Chester board discusses emergency preparedness, new fire station

By Shawn Cunningham
© 2017 Telegraph Publishing LLC

The Chester Select Board had a light agenda so it could move onto executive session to interview Planning Commission candidates, but took time to discuss emergency preparedness and the status of an emergency services building at its April 19 meeting.

Board members Dan Cote, a risk management consultant, and Ben Whalen, captain of the Chester Fire Department, discuss emergency preparedness training.

The question about emergency preparedness arose when the board was signing the town’s Local Emergency Operations Plan, which must be updated each year after Town Meeting and submitted to the Southern Windsor County Regional Planning Commission by May 1. Board member Dan Cote, who works as a risk management consultant, asked Town Manager David Pisha and Executive Assistant Julie Hance if the town did drills on the document.

Hance told Cote that they did not, and board member Ben Whalen, who is also captain of the Chester Fire Dept., said it was more of a reference.

“In a small town like this, coordination overlaps,” said board chair Arne Jonynas.

“Is there nothing to be learned by a tabletop exercise?” asked Cote. “I’ve been in all kinds of emergencies with documents like this and something always fails. Work the document.”

A tabletop exercise is where emergency management personnel gather to discuss simulated emergency scenarios. It is used to assess plans and procedures.

Board member Lee Gustafson asked if the town’s department heads walk through scenarios when they update the document each year.

Hance said that there wasn’t time. Usually the updates are discussed around a table, but this time it was just feedback.

Pisha noted that the department heads have 20 to  25 years of experience with all sorts of emergencies and they all just do what they need to do.

Cote said that if those department heads were near retirement, working the plan would be good for training replacements.

Referring to the plan, Chester resident Frank Bidwell questioned the lack of overnight shelters in case of such an emergency.

“None of the buildings are Red Cross certified,” said Hance. Bidwell then asked how the town could have emergency warming centers — Town Hall, the American Legion and Green Mountain Union High — yet no generators to power them should the electricity go out.

Cote asked if there was a formalized emergency plan for the town.

Hance said there is one, and added, “Do we practice it? No.”

Jonynas suggested reviewing this in the future with the heads of the departments that handle emergency services.

Revisiting the emergency services building

Noting that the town garage was built some 50 years ago and is at or beyond its useful life, Pisha said that the time had come to revisit the conversation about a new home for the Chester Fire Department and the Chester Ambulance Service.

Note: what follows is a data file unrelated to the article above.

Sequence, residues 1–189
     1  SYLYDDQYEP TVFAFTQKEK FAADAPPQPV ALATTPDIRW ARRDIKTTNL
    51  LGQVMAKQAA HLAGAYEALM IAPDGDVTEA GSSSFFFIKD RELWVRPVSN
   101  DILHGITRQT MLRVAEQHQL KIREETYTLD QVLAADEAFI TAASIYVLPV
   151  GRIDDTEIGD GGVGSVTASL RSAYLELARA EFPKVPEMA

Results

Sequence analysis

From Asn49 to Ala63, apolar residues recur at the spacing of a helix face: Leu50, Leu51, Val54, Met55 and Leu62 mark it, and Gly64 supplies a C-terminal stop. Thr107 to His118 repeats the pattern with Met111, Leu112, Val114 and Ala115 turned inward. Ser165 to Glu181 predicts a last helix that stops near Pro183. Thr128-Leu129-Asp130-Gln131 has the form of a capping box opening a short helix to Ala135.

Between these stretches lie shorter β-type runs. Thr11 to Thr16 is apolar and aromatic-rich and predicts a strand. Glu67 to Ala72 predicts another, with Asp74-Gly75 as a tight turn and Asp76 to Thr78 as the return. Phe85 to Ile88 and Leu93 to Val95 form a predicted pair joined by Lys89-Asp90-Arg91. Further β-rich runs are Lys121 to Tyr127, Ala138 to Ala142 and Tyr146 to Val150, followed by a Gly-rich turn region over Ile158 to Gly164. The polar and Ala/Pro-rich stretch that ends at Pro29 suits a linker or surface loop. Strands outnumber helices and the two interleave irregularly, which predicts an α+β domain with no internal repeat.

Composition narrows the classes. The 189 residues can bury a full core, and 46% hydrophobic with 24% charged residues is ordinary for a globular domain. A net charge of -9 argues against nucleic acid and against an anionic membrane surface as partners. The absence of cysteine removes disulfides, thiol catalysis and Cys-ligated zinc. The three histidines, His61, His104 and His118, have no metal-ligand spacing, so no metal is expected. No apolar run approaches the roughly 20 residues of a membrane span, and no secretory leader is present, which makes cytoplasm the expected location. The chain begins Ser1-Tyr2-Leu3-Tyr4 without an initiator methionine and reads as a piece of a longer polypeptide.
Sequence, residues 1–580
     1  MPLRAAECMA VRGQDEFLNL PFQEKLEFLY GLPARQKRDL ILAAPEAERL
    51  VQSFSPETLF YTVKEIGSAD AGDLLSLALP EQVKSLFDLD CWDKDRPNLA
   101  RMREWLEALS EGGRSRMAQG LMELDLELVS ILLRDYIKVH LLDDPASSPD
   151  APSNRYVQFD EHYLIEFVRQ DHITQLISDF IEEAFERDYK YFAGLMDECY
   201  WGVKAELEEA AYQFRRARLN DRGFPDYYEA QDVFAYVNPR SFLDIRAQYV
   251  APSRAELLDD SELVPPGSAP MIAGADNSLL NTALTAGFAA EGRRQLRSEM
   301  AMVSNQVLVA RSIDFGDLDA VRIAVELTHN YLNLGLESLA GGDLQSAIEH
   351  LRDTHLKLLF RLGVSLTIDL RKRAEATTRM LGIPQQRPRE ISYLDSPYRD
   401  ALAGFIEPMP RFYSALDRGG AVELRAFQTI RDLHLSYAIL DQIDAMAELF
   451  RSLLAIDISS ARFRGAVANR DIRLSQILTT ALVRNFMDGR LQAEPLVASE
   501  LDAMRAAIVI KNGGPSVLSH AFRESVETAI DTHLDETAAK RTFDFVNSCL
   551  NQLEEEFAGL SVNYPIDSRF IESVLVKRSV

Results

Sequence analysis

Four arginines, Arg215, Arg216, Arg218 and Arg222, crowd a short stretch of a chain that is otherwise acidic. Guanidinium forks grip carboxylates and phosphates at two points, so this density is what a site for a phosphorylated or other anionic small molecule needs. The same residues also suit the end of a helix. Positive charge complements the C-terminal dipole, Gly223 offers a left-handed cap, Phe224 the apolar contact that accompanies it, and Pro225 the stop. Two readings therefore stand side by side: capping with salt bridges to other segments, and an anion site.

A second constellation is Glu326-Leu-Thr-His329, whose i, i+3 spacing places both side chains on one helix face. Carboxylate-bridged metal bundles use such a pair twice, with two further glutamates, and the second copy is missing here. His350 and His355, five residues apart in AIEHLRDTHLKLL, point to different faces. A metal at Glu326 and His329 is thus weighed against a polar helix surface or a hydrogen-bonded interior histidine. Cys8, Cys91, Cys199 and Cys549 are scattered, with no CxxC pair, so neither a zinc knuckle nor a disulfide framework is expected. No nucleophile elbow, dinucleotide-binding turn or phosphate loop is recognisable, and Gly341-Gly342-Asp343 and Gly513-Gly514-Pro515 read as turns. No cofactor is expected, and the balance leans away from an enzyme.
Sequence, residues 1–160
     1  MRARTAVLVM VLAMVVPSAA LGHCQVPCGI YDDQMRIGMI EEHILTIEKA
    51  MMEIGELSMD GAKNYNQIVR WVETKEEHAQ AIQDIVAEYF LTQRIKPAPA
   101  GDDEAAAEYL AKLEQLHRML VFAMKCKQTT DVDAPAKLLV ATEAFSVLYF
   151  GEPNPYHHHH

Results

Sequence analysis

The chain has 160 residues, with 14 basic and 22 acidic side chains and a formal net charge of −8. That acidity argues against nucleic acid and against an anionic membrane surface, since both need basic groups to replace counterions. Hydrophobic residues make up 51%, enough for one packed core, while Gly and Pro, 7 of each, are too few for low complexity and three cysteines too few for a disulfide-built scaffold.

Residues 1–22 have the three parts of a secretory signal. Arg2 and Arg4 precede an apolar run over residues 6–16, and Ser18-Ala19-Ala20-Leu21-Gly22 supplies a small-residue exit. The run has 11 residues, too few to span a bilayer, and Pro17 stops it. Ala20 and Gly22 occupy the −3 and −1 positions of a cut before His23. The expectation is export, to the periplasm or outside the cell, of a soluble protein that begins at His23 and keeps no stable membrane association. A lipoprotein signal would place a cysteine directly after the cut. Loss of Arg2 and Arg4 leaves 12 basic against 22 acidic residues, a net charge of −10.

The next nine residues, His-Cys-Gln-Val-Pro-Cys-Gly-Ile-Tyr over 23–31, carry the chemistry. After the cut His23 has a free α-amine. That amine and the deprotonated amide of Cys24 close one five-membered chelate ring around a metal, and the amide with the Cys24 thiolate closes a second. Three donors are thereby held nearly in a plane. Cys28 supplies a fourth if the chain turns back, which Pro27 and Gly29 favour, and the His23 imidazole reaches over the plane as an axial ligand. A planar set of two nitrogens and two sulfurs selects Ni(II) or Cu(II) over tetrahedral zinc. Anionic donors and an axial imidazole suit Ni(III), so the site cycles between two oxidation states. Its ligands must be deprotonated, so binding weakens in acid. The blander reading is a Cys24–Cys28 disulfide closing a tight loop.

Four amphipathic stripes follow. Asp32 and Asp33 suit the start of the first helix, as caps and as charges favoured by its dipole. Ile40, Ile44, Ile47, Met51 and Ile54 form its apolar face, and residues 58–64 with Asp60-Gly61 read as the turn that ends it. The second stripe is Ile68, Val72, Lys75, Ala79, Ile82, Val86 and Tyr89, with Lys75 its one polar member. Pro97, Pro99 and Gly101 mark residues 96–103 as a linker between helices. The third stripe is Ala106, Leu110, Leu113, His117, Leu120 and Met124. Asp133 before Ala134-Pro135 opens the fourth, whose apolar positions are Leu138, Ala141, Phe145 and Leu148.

Pisha told the board he thought it should start from scratch and look at everything and that he was planning a presentation for the May 17 board meeting to propose a direction.

Board member Heather Chase reminded the board that Mike Leonard had appeared at the previous meeting to ask the board to get an opinion from the town’s outside auditor about how much debt the town could comfortably take on. Leonard had said this would give the town a sense of what it could budget for in the design of a fire station. Pisha and Hance said the auditors would be in town in the next week.

An earlier design, which Whalen called a “Taj Mahal” costing $7 million to $8 million with a projected life of 50 to 100 years, was rejected by voters twice. Whalen said he was not in favor of going back to look at the old design, but to get a basic concept like the fire station built in Castleton.

In other business

Pisha announced that the town had engaged an architect to come up with preliminary designs for wayfinding signs as part of the Village Center master planning effort. The designs will be looked at and finalists will be presented to the community for a vote.  Pisha said this was a long-sought-after step and represents the transition from discussion to action.

Board member Lee Gustafson, owner of a company that installs solar panels, questions the electricity generation by the town’s solar farm.

Gustafson asked Pisha about the responsibility for keeping the solar panels at the Jeffrey Well site clean and free of snow.

“I put a call in (to Green Lantern the solar farm’s developer),” said Pisha, “but didn’t get a call in return, I’ll call again.”

Gustafson, who owns a company that installs alternative energy equipment like solar panels, said he thought the electricity production numbers looked odd and wondered what was being done to keep dust off the panels. He added that March should be the best month for electricity production.

“I’ll make another call,” said Pisha.

During public comment, Bidwell pointed out that the property tax exemption for the Rod & Gun Club, Masonic Temple, Green Mountain Softball League field and Gassetts Grange plus the cost of out-of-pocket health-care expenses reimbursed to town employees total $770,362 over five years. Bidwell called on the board to budget for everyone in Chester not just a few.

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  1. Mj Miles says:

    Dan is right. Realistically, you should also perform a full scale community exercise using any concern on your HVA. I just spent a week at FEMA training in Alabama for MCI and disaster drills and after reading it on paper for years nothing compares to operating the real thing. Really gives you insight.